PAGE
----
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What Is Collateral? A Lien? Business Loans Lingo to Know

July 14, 2015
Small Business
Small Business Loans: Collateral, Liens and Other Must-Know Lingo
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If you’re considering taking out a small-business loan, you have two options: a secured loan or an unsecured loan. A secured small-business loan is backed by some form of collateral. An unsecured small-business loan isn’t backed by collateral. Simple, right? Not always.

Here are three terms you need to understand to better compare small-business loans.

What is collateral?

Collateral is an asset that a borrower pledges to a lender to secure a loan. It can be a physical asset, such as a home, business real estate or equipment; or non-physical assets, including accounts receivable or cash in the bank. Most online lenders don’t require physical collateral. Many do, however, take a lien on a business’ assets — and that’s a form of collateral, too, says Mitchell Weiss, an executive-in-residence at the University of Hartford’s Barney School of Business.

When lenders “say they’re not taking collateral,” Weiss says, “that’s really not accurate if they’re taking a lien.”

What is a lien?

A lien is a lender’s way of legally enforcing its right to seize a borrower’s business assets if the borrower hasn’t repaid a loan. Many online lenders file Uniform Commercial Code (UCC) liens with state secretaries of state when a borrower first takes out a loan. If a business takes out multiple loans, the first lender to file a UCC lien has first priority over the business’ assets. The second lender to file a UCC lien can’t collect until the first lender removes its lien.

Lenders can file liens on specific assets, but many file blanket liens, which give them rights to any business assets necessary to recoup the unpaid loan. A business’ assets can include real estate, equipment, accounts receivable, money in the bank, patents and even computer code, says Molly Otter, chief investment officer at Lighter Capital, an online revenue lender for technology companies.

What is a personal guarantee?

A personal guarantee is a written agreement that a business owner signs, pledging his or her personal assets to repay a loan if the business entity can’t. Personal assets can include an individual’s home, car, cash and even retirement savings.

“A personal guarantee is cash you’re willing to lose,” says Ronnie Phillips, an economics professor at Colorado State University. “Nobody’s going to loan to you if you’re not willing to invest… [but] if everything is successful, you don’t lose it.”

Personal guarantees alone don’t secure a loan. However, if a lender has filed a UCC lien and has a borrower’s personal guarantee, the lender has “an a la carte menu” of the borrower’s personal and business assets, and can go after either to recoup an unpaid loan, says Kevin Hoult, an advisor at the Washington Small Business Development Center in Port Angeles, Washington.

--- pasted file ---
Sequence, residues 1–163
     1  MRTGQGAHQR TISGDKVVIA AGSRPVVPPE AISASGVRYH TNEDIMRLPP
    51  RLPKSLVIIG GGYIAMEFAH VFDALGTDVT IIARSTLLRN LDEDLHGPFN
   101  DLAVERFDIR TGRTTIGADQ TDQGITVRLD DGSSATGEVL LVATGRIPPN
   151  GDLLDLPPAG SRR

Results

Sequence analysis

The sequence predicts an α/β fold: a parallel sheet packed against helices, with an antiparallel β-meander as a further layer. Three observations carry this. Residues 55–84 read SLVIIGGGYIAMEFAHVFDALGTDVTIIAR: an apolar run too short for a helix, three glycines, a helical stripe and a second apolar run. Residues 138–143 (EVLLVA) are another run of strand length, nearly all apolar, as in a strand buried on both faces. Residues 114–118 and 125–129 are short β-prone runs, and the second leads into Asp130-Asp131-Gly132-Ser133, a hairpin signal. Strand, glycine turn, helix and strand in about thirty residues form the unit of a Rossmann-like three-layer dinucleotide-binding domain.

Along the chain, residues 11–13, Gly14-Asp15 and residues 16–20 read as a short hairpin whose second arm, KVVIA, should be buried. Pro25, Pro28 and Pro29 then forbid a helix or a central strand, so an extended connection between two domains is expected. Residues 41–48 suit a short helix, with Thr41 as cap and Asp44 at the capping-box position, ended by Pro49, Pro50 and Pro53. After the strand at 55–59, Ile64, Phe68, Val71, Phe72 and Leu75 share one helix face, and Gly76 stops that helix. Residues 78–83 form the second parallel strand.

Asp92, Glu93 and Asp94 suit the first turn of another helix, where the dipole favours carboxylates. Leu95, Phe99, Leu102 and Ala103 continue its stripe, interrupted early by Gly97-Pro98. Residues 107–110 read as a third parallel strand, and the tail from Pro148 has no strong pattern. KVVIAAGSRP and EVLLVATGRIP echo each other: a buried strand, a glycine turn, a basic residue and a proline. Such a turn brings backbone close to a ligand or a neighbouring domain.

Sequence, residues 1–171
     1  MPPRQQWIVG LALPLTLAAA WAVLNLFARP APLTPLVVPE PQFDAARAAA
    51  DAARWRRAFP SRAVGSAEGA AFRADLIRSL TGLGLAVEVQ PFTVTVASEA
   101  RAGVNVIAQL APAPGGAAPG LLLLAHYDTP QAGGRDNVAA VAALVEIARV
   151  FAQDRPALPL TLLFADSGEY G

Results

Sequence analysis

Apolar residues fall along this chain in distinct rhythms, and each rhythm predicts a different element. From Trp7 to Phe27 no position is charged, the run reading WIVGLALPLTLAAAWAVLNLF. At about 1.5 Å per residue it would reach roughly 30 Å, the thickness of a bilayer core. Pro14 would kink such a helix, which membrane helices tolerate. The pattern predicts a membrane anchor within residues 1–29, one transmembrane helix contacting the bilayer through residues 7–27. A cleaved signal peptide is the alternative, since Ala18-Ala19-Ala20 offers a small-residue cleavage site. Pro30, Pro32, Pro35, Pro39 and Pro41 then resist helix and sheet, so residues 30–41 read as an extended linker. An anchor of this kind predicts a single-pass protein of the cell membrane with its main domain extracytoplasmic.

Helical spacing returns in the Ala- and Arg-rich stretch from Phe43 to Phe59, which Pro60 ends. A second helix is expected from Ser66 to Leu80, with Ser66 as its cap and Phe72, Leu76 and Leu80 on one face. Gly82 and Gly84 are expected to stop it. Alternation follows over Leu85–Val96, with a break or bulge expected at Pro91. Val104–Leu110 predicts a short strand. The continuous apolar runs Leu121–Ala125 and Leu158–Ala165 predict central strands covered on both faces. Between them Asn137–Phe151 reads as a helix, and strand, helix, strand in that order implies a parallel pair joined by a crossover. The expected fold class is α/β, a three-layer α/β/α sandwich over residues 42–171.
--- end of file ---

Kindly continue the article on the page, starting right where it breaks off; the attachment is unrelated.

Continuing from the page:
Online Lenders’ Personal Guarantee and Lien Requirements
Lender Financing type Personal guarantee UCC lien?
SmartBiz  SBA bank loan Yes Yes, for loans more than $25,000
LendingClub  Term loan Yes Yes, for loans more than $100,000
Funding Circle Term loan Yes Yes
Fundation Term loan Yes Yes
Lighter Capital  Revenue loan No Yes
BlueVine  Accounts receivable Yes Sometimes1
Fundbox Accounts receivable No No
Prosper Personal loan No No
OnDeck  Cash flow loan, term loan Yes Sometimes2
Kabbage Cash flow loan No3 Sometimes4

1 BlueVine says a UCC lien is filed in some cases “as defined by internal policy.”
2 OnDeck files a lien “in most cases.”
3 Kabbage doesn’t require a personal guarantee — but one is automatically triggered in the case of “willful misconduct, negligence or fraud,” says Kabbage Chief Marketing Officer Victoria Treyger.
4 Kabbage files a UCC lien on a business account after a loan is delinquent with no repayment attempts for a period of time “based on the customer’s specific situation,” Treyger says.

The takeaway

As you’re comparing small-business loans, ask lenders if they require a personal guarantee or collateral, and if they file a lien on your business’ assets. You can always review loan agreements with a small-business advisor, such as the ones at your local Small Business Development Center or Score Association chapter, to ensure that you understand the business and personal assets you’re putting at risk.

To compare your loan options, use NerdWallet’s small-business loans page. We gauged lender trustworthiness and user experience, among other factors, and arranged them by categories that include your revenue and how long you’ve been in business.

To get more information about funding options and compare them for your small business, visit NerdWallet’s best business loans page. For free, personalized answers to questions about financing your business, visit the Small Business section of NerdWallet’s Ask an Advisor page.

Teddy Nykiel is a staff writer at NerdWallet, a personal finance website. Email: [email protected]. Twitter: @teddynykiel


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